Brian Viner: McDowell defies fearsome wind with famous stroke at the 16th

On another day more suited to moorhens than birdies and eagles, Graeme McDowell managed to cling onto the leaderboard yesterday without ever quite reproducing the form that had yielded one of only three sub-par opening rounds and a share of the lead. The 28-year-old Ulsterman is used to leading the Open on day one, having posted a course record 66 down the coast at Hoylake two years ago, but he slumped to a final-round 79 that year and finished a distant 61st. This time, he is determined to keep the campaign going, and if a European is to prevail at Birkdale for the first time in nine Opens, he is certainly the form horse.

Click here for the latest leaderboard and statistics

McDowell played beautifully to capture the Scottish Open at Loch Lomond last week, and beautifully again on Thursday for his 69. His 73 yesterday was not a thing of quite such pulchritude, but it had other virtues, such as grit. Dropped shots at the second, sixth, 10th and 11th left him needing a decent finish, and the finishing stretch at Birkdale at least includes a pair of par-fives, the 15th and 17th, which in normal circumstances offer opportunities to improve the card. But these are not normal circumstances. Playing the 15th yesterday morning was like soldiering the wrong way through a wind tunnel, and although the 17th was downwind, the pin position on the controversial green, just over one of Birkdale's nastiest bunkers, might have been positioned by Torquemada.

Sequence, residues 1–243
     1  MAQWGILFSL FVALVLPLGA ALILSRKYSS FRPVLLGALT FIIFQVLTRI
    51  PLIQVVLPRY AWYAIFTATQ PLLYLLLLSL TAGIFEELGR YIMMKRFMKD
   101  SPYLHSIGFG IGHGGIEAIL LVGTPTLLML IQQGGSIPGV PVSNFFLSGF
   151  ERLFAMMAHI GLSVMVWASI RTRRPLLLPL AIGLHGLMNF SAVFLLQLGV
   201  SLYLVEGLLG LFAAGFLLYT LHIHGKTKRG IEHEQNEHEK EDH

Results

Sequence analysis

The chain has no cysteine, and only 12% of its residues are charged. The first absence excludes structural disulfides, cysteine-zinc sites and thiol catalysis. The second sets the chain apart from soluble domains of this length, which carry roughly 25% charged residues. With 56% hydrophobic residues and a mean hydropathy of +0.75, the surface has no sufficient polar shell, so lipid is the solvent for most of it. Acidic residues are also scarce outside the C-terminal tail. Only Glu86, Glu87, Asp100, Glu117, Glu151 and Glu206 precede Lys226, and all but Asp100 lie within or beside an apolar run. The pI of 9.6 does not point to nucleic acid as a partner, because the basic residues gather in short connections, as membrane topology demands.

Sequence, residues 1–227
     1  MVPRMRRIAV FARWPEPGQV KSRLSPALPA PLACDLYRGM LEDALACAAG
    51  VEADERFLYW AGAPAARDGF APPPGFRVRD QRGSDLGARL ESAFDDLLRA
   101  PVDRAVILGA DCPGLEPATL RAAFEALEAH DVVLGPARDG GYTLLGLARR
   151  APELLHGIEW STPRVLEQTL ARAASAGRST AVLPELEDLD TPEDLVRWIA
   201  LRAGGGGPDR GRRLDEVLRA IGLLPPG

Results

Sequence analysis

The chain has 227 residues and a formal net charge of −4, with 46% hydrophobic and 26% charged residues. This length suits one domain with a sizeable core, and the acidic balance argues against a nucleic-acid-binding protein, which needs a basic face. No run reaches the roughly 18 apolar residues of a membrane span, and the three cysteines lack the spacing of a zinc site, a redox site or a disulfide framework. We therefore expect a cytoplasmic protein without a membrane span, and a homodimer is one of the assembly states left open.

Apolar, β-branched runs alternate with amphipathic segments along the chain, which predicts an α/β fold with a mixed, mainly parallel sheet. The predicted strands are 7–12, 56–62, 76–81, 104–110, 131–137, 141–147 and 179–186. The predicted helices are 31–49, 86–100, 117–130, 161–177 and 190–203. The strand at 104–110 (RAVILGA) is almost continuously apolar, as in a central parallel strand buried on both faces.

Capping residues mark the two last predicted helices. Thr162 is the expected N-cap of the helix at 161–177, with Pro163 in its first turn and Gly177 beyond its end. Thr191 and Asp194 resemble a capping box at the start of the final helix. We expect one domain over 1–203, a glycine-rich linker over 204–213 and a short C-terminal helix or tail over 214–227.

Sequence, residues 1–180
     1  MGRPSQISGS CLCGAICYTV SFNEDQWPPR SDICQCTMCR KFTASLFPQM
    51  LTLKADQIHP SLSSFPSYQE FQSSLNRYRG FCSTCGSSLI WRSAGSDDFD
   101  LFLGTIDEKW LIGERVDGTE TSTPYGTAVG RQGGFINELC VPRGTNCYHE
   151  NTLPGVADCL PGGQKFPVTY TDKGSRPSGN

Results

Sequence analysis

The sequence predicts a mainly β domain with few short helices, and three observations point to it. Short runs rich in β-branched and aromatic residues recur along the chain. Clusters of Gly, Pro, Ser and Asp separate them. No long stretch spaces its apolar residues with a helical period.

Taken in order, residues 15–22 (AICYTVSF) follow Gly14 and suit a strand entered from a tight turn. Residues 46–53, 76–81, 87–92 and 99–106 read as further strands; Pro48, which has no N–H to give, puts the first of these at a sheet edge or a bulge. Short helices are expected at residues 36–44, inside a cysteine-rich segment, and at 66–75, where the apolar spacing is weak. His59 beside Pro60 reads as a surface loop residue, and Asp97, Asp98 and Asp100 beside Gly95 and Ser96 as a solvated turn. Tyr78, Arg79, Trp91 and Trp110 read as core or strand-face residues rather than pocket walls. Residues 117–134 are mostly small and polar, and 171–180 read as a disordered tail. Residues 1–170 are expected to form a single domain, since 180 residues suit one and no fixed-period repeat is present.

Instead, McDowell found the birdie he so coveted on the 16th, the hole where a plaque marks the spot from which Arnold Palmer, in similar conditions, conjured one of the greatest shots in the history of major championship golf. During the final round in 1961, on what was then the 15th, Palmer's drive ended up in a tangle of gorse and bramble. He somehow excavated the ball with a six-iron and smashed it on to the green, uprooting a good deal of vegetation in the process. Palmer's swing was never pretty – the novelist John Updike once said it looked like someone wrestling with a snake – and that one must have been less pretty than most. But the shot was pivotal in Palmer getting his sausage fingers on the Claret Jug for the first time, and if McDowell manages to do likewise, he too will remember his second shot to Birkdale's only elevated green, albeit in the second round and from the fairway. It was a towering three-iron, belted as hard as he could into the unrelenting wind, to five feet. The shot of a man who grew up on the buffeted northern coast of Northern Ireland, where little old ladies go out to the shops and end up on the Mull of Kintyre.

Afterwards, McDowell declared himself "ecstatic" with that shot and also suggested that he is an altogether different golfer to the one who squandered the first-round lead in 2006. Heading into the weekend, he added, he is "right where I want to be". He could have been in an even better place had he holed an 18-foot putt on the last. It teetered on the lip and stopped, but he knocked it squarely in for his par, which was more than could be said for one of his playing partners, Rory Sabbatini, on the par-four third.